New UK 'diverted profits tax' on multinationals will raise very little tax, says expert

Out-Law News | 10 Dec 2014 | 5:00 pm | 3 min. read

A new UK tax on the 'diverted profits' of multinationals operating in the UK "is probably not needed, will be hard to apply and will raise little money" according to one expert. 

Heather Self of Pinsent Masons, the law firm behind Out-law.com was commenting as draft legislation for the Finance Bill 2015 was published for consultation. This followed the announcement of the new tax by chancellor George Osborne last week, in his autumn statement.

HM Revenue and Customs (HMRC) states that the main objective of the diverted profits tax (DPT) "is to counteract contrived arrangements used by large groups (typically multinational enterprises) that result in the erosion of the UK tax base".

"This seems to be a political soundbite, which will appeal to the man on the London Underground but will have little real effect in terms of UK tax raised," said Heather Self.

The new 25% tax will apply where a foreign company "exploits the permanent establishment rules" or where a UK company or a foreign company with a UK-taxable presence creates a tax advantage by using transactions or entities that "lack economic substance".

HMRC said that arrangements to exploit the permanent establishment rules are often combined with other arrangements that allow the foreign company to transfer profits associated with those sales to companies resident in territories where little or no tax is paid. This includes the “double Irish" structure that Ireland has announced it will end.

Where a non-UK resident company is carrying on activity in the UK in connection with supplies of goods and services to UK customers it will be subject to the new tax if it is reasonable to assume that any of the activity is designed to ensure that the foreign company is not carrying on a trade in the UK through a permanent establishment and a tax avoidance condition or a 'tax mismatch' condition is satisfied.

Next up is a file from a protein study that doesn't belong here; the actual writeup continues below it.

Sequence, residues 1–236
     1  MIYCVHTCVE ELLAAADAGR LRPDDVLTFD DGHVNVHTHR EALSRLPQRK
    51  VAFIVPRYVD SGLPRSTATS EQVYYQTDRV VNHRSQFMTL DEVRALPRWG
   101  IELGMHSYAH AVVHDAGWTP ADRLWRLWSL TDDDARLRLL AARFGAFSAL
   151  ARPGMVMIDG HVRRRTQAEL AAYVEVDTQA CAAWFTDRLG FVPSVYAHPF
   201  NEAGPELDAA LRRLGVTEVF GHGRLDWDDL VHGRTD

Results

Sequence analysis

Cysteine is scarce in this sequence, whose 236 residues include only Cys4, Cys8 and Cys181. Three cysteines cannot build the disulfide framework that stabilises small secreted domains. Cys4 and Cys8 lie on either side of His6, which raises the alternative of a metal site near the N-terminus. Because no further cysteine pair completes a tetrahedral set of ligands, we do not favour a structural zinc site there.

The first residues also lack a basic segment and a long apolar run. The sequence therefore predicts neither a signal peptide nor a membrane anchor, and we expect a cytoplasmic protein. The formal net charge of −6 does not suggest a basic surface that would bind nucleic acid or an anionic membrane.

Small or medium-sized enterprises will not be subject to the tax and there will be an exemption where total sales revenues from all supplies of goods and services to UK customers do not exceed £10 million for a 12 month accounting period.

The tax will also apply to arrangements which "lack economic substance" involving entities with an existing UK taxable presence. This is aimed at the diversion of profits to low tax jurisdictions  by way of payments, such as royalties.

DPT will apply to diverted profits arising on or after 1 April 2015. Affected companies must notify HMRC within three months of the end of an accounting period in which it is reasonable to assume that diverted profits might arise.

Heather Self said that DPT was probably not needed because the UK's existing general anti abuse rule (GAAR) could be used to counteract artificial tax avoidance by multinationals.

"The worst aspect, in my view, is that by seeking to act unilaterally the UK risks destroying the fragile balance of international consensus which the OECD has held together for so long, and is continuing to try to do within BEPS. We have already seen Australia comment that it might go for a DPT itself – so we are already encouraging others to act. How long before India comes up with its own definition of a permanent establishment and applies it notwithstanding its Treaty obligations?" Self said.

BEPS refers to the shifting of profits of multinational groups to low tax jurisdictions and the exploitation of mismatches between different tax systems so that little or no tax is paid. Following international recognition that the international tax system needs to be reformed to prevent BEPS, the G20 asked the Organisation for Economic Co-operation and Development  (OECD) to recommend possible solutions. It is intended that the BEPS project will conclude its work by the end of 2015.

Last month OECD published a discussion draft considering the need to update the double tax treaty definition of permanent establishment (PE) in order to prevent artificial profit shifting.

Self said that the country which appears to be taking a more measured approach is China, which has announced that it will "comprehensively monitor the profit levels of foreign companies to make sure there is no base erosion and profit shifting"

In June 2013, the Public Accounts Committee said that HMRC needed to be "more effective in challenging the artificial corporate structures created by multinationals with no other purpose than to avoid tax".

It is intended that the legislation will be included in the pre-election Finance Bill in 2015, and will come into force from 1 April 2015.

The draft legislation runs to about 30 pages and a 50 page guidance note has also been published. Heather Self said "Although this new tax sounded like George Osborne pulling a rabbit out of a hat in the autumn statement, it has clearly been thought about for a while. What is less clear is why it has to be rushed in by 1 April 2015 – unless it is because there is a general election coming up in May".